LIST hosts table tennis tournament
warm up for competition.
Lanna International School (Thailand) hosted its fifth
annual Table tennis tournament on Saturday, September 16. Seven of the
area’s international schools participated in the fast-paced and exciting
The Boys’ Singles category was the most hotly contested category. Dow of
NIS, Teddy of LIST, Richard of NIS, and Tanit of CMIS made it to the
semi-finals; but it was Dow who defeated Tanit in the finals and took home
Dow and Richard, the NIS doubles team, took the trophy after a hard match
with the LIST team, Teddy and Danny H.
The trophy-winner in Girls’ Singles was Chompu, who defeated Nice of NIS.
The girls then teamed up to win Girls’ Doubles by defeating Ploy and Lucy
The strategy, power and speed which the players demonstrated made it clear
that table tennis is not a “parlour game” but a sports event, ably
organized and run by Thomas Vanness of the Parent Teachers Organization and
LIST Athletic Director “Cat” De Schaepmeester, assisted by “Knot”
Refreshments were sold by Lanna Student Council to help fund future events.
CMU researchers succeed in planting electron tree
Researchers from Chiang Mai University’s Fast neutron Research Facility
have become the first Thai research facility to succeed in planting an
tree from the researchers’ experiment.
Assoc. Prof. Dr. Jitlada Thongbai, head of research at the Fast Neutron
Research Facility, announced the success of the project last week. Electron
trees are naturally occurring, such as on the skin of someone who has been
struck by lightning. After the lightning strike, tears in the capillaries
beneath the skin sometimes produce an electron tree, though this will fade
in a relatively short period of time. The electron tree phenomena was
originally discovered 200 years ago by a German physicist experimenting on
static electricity. The Fast Neutron Research Facility produced electron
trees by bombarding a piece of clear acrylic with 6 McV electrons at 99.5%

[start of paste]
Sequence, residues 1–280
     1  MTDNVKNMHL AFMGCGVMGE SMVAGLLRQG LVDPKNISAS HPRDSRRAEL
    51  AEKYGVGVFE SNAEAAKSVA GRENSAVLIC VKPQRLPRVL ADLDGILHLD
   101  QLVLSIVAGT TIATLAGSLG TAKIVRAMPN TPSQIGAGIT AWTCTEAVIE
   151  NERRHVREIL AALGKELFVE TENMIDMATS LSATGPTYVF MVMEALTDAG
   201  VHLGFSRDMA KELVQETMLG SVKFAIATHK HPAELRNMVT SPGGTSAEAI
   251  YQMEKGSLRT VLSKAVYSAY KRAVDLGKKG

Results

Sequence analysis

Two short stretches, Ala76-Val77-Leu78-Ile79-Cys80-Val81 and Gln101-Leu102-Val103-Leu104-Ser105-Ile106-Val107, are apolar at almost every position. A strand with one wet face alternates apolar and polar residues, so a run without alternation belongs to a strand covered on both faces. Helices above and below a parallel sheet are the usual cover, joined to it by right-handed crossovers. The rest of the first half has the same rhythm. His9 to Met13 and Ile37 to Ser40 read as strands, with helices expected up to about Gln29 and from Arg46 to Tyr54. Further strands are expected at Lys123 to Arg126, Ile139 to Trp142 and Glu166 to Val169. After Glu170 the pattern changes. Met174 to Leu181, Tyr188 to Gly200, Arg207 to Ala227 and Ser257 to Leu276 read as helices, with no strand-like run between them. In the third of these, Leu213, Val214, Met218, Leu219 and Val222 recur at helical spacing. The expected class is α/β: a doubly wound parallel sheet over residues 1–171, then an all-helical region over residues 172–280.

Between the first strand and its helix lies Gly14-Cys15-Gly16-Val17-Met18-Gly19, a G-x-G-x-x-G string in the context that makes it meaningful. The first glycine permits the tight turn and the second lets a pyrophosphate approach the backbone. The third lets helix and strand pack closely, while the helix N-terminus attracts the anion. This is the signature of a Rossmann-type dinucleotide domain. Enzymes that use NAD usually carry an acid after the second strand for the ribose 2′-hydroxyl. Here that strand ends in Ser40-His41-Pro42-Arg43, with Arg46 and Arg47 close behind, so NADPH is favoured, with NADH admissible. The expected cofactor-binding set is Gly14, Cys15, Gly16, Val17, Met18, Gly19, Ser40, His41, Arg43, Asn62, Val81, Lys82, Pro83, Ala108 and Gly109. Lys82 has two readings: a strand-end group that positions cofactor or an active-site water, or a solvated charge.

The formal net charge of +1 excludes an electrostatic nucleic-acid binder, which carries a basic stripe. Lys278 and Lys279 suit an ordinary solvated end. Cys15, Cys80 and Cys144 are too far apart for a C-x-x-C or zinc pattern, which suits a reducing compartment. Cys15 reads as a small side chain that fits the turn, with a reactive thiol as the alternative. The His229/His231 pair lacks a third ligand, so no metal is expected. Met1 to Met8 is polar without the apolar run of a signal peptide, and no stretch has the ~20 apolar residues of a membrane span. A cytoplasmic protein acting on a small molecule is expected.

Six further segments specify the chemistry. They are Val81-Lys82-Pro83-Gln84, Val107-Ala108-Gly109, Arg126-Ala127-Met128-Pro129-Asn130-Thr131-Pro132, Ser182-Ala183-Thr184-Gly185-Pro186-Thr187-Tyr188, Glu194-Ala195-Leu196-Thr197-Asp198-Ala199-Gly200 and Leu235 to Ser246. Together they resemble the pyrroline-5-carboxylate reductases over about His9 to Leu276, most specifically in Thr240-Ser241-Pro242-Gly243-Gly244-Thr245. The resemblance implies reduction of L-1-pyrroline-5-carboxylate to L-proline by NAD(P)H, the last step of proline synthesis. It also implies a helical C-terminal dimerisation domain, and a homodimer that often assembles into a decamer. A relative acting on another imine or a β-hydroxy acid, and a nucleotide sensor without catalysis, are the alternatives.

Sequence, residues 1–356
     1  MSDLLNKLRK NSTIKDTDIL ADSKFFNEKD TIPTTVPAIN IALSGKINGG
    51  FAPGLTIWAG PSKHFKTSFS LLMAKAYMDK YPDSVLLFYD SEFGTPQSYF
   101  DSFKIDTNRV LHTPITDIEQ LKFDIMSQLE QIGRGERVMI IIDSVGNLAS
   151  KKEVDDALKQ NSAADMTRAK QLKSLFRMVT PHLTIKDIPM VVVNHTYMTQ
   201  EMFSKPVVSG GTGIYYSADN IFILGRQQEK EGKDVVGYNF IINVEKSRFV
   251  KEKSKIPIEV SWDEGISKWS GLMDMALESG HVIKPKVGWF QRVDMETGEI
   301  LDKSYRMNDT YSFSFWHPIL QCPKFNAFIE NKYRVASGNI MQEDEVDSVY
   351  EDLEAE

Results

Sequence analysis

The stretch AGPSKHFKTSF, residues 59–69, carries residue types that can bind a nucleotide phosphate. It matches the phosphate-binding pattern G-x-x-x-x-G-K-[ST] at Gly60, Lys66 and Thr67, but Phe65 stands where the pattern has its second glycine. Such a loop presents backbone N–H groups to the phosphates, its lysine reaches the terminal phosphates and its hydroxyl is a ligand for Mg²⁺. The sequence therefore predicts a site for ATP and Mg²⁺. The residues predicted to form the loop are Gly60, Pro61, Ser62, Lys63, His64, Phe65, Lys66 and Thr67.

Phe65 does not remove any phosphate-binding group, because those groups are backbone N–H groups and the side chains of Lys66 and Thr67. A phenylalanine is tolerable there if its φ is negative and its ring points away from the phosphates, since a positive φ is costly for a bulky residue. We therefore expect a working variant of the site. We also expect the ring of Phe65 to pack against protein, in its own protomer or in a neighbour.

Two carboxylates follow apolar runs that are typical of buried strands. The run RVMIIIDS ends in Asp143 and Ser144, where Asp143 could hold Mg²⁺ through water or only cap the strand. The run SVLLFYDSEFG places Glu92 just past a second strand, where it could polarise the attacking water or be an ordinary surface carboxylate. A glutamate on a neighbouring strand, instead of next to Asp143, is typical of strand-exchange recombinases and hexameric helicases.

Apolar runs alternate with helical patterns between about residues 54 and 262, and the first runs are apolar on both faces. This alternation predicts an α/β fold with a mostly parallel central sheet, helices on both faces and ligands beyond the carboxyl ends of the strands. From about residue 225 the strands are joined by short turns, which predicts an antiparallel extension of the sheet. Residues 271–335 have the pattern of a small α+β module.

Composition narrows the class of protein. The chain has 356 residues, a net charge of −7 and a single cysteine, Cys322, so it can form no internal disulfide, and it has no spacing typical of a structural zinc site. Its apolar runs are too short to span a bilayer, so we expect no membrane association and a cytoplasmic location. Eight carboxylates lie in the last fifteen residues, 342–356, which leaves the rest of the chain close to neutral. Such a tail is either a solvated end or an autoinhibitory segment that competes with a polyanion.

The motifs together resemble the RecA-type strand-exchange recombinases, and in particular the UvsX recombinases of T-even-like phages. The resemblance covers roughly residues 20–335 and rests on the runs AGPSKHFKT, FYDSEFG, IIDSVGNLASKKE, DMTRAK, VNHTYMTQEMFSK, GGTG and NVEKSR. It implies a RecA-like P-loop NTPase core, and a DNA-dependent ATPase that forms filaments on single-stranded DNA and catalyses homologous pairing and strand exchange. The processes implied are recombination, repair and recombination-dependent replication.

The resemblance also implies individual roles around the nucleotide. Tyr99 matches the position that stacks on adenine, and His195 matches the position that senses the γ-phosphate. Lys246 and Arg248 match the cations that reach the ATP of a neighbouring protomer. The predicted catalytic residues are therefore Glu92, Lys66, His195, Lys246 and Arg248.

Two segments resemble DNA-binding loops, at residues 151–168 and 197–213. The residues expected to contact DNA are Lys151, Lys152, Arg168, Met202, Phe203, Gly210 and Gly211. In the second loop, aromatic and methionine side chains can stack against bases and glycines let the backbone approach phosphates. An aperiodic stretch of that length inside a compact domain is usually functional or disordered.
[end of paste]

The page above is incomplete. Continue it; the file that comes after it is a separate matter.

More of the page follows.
velocity, increasing the acrylic’s charge to up to 1 million volts. The
electrons eventually break down and spread out from cracks on the acrylic.
The Fast neutron Research facility received funding from the National
Research Council of Thailand and the Department of Physics, Chiang Mai
University. The success of the experiments have highlighted Thailand’s
potential to participate in scientific research on a global level.
Charity Petanque competition “Mahidol 2006”
September 17 and 18 saw the Faculty of Medicine, Chiang Mai University,
organise the 14th annual petanque competition in honour of HRH Prince
Mahidol of Songkhla and HRH the Princess Mother. Funds raised at the
competition will be donated to poor patients at Maharaj Nakhon Chiang Mai
Hospital and to support Thai petanque atheletes.
team looking forward to their throw.
The competition, “Mahidol 2006”, was to celebrate Mahidol Day on
September 24. The competition began on the morning of September 17, with
more than 100 teams from clubs, institutes and organisations. The winners of
the male competition received HRH the Princess Mother’s cup and the female
winners received HRH Princess Kalyani Vadana’s cup.
The sport of petanque has received support from HRH the Princess mother
since 1970. Whilst living in Switzerland 55 years ago she became very fond
of playing petanque, and on learning that its popularity had spread to
Thailand 35 years ago, she asked officers of the Petanque Federation to
continue promoting the sport. In 1984 HRH the Princess Mother took the
Petanque Federation under royal patronage.